Enzymes catalyze a wide variety of reactions best in heavy-metal-free aqueous environments and at physiological pH with exquisite selectivity and stereospecificity  . Thus, an appropriate buffer is needed to closely regulate the ionization state of ionizable groups of the enzyme in both aqueous and non-aqueous media. We have synthesized a new class of ionic liquids (ILs) with buffering behaviour that are referred to as IL buffers, which can be used for control of ionization state of enzymes in non-aqueous media  . Remarkable buffer dependence of the catalytic activities has been observed in hydrogenation of olefins  and selective hydrogenation of unsaturated aldehyde  in organic solvents and in ILs. Organic solvents are widely used with enzymes to improve the solubility of hydrophobic reactants and/or products and to shift reaction equilibria from hydrolysis toward synthesis  -  . With the emergence of ILs, the use of ILs as a new type of non-aqueous medium may offer a convenient solution to both the solvent emission and the catalyst recycling problem   -  .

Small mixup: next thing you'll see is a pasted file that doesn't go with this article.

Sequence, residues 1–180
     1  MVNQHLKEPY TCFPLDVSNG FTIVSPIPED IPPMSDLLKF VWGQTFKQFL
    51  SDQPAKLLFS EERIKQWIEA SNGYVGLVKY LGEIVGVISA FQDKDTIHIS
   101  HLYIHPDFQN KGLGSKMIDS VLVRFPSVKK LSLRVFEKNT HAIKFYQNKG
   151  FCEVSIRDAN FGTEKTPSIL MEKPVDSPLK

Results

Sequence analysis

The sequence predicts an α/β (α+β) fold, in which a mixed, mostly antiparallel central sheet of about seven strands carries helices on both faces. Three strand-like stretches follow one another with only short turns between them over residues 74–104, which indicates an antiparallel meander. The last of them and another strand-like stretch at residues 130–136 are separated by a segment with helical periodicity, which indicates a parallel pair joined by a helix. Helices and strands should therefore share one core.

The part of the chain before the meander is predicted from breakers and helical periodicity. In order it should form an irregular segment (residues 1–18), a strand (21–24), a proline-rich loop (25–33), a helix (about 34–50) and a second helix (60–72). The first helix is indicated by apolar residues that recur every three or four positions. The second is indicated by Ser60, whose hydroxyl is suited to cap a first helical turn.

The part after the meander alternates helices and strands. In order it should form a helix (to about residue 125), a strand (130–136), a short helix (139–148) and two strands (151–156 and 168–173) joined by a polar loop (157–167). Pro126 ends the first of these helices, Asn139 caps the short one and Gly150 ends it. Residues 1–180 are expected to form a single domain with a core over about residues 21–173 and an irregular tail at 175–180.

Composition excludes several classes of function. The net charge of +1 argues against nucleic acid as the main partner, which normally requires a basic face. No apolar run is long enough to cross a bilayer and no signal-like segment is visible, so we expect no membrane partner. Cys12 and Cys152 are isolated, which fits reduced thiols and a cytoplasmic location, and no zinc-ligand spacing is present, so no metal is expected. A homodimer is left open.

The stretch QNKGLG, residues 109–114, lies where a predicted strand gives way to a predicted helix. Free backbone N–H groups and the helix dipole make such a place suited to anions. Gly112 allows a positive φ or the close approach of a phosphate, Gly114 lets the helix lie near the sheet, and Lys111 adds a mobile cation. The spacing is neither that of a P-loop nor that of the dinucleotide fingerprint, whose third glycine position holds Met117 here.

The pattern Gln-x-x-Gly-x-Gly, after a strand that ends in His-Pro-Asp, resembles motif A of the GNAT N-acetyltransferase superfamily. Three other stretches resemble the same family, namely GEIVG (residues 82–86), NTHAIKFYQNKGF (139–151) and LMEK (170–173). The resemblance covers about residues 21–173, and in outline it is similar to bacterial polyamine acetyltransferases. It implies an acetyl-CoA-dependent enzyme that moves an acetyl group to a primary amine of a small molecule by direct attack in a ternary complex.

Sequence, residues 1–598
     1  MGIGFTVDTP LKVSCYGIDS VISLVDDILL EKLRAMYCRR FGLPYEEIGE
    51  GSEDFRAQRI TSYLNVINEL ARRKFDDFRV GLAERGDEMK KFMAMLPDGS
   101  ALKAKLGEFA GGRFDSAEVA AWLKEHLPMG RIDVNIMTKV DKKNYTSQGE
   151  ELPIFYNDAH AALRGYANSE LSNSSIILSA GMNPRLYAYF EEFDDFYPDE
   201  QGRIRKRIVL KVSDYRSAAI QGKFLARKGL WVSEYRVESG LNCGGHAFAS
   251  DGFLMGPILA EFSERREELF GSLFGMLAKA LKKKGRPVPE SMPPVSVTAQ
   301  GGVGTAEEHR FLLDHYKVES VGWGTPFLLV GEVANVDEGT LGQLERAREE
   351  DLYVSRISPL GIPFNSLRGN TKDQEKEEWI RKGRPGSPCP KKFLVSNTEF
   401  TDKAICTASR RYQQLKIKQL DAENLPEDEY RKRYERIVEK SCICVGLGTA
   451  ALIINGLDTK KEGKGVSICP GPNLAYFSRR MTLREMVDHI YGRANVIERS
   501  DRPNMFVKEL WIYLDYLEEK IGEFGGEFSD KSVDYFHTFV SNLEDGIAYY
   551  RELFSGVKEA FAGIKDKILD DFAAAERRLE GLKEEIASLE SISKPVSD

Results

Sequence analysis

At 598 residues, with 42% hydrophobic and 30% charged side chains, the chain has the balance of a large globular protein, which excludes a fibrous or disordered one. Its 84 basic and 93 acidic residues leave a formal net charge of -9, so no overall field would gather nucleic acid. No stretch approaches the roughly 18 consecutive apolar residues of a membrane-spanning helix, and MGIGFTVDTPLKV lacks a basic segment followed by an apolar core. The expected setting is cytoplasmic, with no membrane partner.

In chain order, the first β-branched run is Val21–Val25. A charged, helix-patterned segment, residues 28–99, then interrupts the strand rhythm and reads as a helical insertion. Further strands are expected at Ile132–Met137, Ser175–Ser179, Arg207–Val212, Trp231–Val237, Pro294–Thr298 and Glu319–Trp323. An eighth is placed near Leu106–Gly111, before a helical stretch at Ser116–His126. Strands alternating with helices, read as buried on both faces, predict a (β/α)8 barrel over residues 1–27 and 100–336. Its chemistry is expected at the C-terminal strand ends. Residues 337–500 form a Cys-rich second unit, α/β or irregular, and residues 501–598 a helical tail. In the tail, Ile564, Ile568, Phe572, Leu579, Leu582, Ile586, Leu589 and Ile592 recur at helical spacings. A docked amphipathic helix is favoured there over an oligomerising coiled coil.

Increasing water contamination by heavy metals has prompted investigations to find ways to clean the environment and also to understand the mechanisms leading to metal toxicity, among which is enzyme inhibition. This inhibition was most often attributed to the reaction of the metal ions with the thiol groups of cysteine residues of the enzyme, resulting in the formation of mercaptides   .
It was reported that peroxidases are inhibited by heavy metal ions at higher concentrations  and Hg2+ ion is listed as the most effective inhibitor   . Konyaeva et al. reported that Hg2+ chelators like EDTA can protect hemoglobin against Hg2+-induced denaturation and precipitation  .
Like most biological buffers in use today, IL buffers were developed only for keeping the pH of a solution constant, which cannot protect enzymes against metal-induced denaturation and precipitation. We then designed and synthesized new ILs with both buffering and chelating abilities for enzymatic reactions in heavy metal containing aqueous system and in IL system.
2. Materials and Methods
Candida antarctica lipase B (CALB, 10.9 U∙mg-1), horseradish peroxidase (HRP, 150 U∙mg-1), bis-tris-propane (BTP), guaiacol and ethyl butyrate were purchased from Sigma-Aldrich. Ethyl butyrate and n-butanol were analytical reagents and were dried by
The 1H NMR and 13C NMR spectra were obtained on a Brüker AV-400 Fourier transform NMR spectrometer. 1H NMR spectra were referenced to tetramethylsilane in CDCl3.